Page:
Today my favorite football team, the San Francisco Forty-Niners, play the Baltimore Ravens in the Super Bowl. That reminds me of my brush with the 49ers back in 1987, when Joe Montana was quarterback and fellow CPA Ray Wersching was the place kicker.
A client of my accounting practice invited my business partner and me to attend a charity event in San Francisco. The charity was honoring Bill Ring, a 49er who had a Super Bowl ring on his finger, but who was somewhat short and almost didn't make it in the NFL. Ring was very determined to make it and did so, in spite of some very real obstacles. Several forty-niners were there that night, including Ray Wersching, a fellow CPA and the kicker for the 49ers in those days. Leo the Lion Nomilleni was there that night, and I got to say hello and shake his hand. He was an early 49er who played with the team from 1950 to 1963. (He passed away in 2000.) One thing I noticed about the 49er players: they were huge, almost like a separate race of humans. Nomilleni, though old, was still huge too.
To raise funds for the charity, a number of things were being auctioned off, including a football autographed by the entire team, including Joe Montana, Steve Young, Jerry Rice, Dwight Clark and Ronnie Lott, and many others. The football was one of those half white, half brown contraptions that allow for signatures with ball point pens. Other auction items included two tickets to a 49ers game and a case of champagne. The Niners players who were present were really hoping to win the champagne. All I wanted was that football.
I walked past the football kept in a glass case, and my mouth was drooling. I really wanted to win that football. I almost willed it, and felt a kind of electricity shooting through me. I had to have it.
A raft of raffle tickets were $10 each, and I was broke, so I told my business partner to buy my tickets and I would pay him back at work the following Monday. He bought two rafts and handed one to me.
When the auction started, various items were auctioned off. The Niners players threw their tickets on the floor in disgust when they didn't win the champagne. Then the football came up. Just before they read the number of the winning ticket, I felt that electricity again. It was kind of an itchy feeling in my head, a knowing. I can't really explain it, but...I knew that I was going to win.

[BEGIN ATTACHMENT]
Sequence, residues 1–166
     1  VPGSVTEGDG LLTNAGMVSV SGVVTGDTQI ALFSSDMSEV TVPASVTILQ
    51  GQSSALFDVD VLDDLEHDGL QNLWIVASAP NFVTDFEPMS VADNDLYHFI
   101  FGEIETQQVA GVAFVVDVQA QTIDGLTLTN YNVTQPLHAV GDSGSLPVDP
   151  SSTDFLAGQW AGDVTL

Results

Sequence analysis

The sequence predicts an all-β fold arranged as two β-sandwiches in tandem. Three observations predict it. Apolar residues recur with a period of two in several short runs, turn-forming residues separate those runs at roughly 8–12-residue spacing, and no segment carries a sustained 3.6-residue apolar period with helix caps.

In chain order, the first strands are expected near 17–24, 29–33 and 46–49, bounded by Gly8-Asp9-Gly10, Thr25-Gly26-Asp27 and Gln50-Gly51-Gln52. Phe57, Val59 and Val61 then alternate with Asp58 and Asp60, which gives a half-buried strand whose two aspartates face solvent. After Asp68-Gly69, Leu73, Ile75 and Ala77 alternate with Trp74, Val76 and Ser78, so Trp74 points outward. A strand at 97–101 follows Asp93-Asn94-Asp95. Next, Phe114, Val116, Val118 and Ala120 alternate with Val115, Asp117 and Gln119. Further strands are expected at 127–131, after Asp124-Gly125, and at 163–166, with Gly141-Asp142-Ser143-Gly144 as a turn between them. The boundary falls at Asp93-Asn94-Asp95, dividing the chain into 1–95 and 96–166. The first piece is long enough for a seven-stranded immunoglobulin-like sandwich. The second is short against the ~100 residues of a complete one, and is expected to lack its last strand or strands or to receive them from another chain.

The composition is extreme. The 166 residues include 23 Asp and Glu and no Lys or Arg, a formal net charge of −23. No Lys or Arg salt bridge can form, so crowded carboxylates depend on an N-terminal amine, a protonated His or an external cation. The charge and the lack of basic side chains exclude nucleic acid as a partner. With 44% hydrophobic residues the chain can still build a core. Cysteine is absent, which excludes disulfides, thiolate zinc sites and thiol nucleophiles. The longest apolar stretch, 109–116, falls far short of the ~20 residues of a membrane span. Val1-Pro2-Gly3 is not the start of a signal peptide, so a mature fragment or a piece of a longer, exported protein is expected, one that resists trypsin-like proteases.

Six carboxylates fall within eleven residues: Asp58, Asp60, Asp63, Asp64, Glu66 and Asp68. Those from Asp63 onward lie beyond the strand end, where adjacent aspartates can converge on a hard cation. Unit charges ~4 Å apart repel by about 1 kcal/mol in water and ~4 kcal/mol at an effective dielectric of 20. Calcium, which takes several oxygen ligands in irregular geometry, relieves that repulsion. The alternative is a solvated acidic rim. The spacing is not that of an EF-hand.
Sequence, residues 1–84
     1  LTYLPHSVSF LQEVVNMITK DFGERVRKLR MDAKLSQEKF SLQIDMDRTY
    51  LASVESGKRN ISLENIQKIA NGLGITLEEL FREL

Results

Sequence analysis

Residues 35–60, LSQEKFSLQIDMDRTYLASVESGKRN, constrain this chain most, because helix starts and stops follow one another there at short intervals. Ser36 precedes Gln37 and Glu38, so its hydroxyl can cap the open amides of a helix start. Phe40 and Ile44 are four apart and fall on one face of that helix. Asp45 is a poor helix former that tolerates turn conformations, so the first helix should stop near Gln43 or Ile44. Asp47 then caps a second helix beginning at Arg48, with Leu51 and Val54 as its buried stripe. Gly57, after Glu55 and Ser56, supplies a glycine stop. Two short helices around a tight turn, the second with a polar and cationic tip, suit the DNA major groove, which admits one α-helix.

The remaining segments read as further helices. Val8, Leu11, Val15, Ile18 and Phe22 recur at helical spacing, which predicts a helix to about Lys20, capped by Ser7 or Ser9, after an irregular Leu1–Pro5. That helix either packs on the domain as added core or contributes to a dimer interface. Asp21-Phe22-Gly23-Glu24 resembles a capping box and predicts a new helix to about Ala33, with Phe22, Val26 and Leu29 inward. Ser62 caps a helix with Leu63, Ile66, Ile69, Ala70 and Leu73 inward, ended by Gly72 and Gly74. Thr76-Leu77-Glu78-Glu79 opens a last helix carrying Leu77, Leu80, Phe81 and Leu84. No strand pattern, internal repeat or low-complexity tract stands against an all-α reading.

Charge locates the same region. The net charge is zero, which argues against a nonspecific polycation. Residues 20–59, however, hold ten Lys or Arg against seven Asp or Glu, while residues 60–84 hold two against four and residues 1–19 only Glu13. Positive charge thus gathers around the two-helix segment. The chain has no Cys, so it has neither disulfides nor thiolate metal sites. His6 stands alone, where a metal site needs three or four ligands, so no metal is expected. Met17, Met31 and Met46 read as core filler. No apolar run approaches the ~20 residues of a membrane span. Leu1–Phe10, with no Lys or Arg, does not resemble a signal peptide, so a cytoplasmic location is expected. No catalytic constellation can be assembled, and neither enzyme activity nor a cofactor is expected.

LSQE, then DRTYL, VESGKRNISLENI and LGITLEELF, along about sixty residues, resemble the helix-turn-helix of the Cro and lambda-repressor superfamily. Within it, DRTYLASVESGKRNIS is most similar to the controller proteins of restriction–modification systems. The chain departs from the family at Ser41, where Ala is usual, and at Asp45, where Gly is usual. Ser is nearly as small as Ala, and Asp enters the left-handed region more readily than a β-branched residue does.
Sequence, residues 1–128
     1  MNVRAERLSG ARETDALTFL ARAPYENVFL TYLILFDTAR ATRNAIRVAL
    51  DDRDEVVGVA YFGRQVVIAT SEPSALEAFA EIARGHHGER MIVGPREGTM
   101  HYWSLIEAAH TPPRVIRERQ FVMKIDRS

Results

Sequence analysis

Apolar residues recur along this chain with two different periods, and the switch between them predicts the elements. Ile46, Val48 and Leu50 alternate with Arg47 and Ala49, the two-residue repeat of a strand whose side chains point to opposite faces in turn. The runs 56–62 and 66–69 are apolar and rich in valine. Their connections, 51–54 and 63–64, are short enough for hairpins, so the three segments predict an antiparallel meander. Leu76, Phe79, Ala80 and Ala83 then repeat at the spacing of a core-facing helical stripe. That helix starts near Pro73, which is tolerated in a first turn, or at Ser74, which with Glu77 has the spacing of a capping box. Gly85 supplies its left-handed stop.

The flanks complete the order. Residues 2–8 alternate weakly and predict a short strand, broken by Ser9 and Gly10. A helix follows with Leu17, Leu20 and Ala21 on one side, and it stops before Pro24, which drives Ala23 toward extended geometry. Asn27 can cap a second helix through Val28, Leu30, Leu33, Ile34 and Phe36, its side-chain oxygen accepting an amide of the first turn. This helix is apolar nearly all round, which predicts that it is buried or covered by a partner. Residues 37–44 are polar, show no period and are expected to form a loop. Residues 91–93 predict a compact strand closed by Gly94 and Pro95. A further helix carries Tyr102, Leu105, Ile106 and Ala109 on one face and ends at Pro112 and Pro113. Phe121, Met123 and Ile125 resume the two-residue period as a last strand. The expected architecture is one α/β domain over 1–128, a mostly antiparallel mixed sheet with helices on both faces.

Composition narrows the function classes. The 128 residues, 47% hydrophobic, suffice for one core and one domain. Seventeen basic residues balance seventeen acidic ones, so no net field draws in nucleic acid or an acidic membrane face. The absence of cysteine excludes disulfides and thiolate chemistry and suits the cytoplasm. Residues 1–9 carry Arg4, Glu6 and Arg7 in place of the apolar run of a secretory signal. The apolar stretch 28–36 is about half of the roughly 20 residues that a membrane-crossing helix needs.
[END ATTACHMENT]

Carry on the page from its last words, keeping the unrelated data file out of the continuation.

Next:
As I was going to the auction table to claim my football, the auctioneer began calling the winning number for the tickets to a 49ers game. No one responded. I couldn't care less, I had the football! But on the way back to my seat, someone said, "hey, check your ticket stubs, maybe you won the game tickets!"
As far as games of chance go, it was the luckiest night of my life. A construction contractor who was there offered me $1,000 for the football. I turned him down cold. I had never won anything before, and haven't won anything since, and I'd be damned if I was going to insult the gods by selling that football.
To this day, I am quite sure my former business partner is gnashing his teeth for giving me the wrong raft of tickets. (I did indeed pay him back the $10 the following Monday, but somehow he didn't seem very pleased to get it.) However, maybe it wasn't the tickets so much, as me temporarily acquiring the skill of psychokinesis for that one night. I felt that I had willed the outcome.
I still have the football, preserved in a square plastic case. As for the outcome of today's game, the Niners had better not rely on my psychokinetic skills. I think I used it all up in that one night.
Open Thread - Passed along by TED.
2 hours ago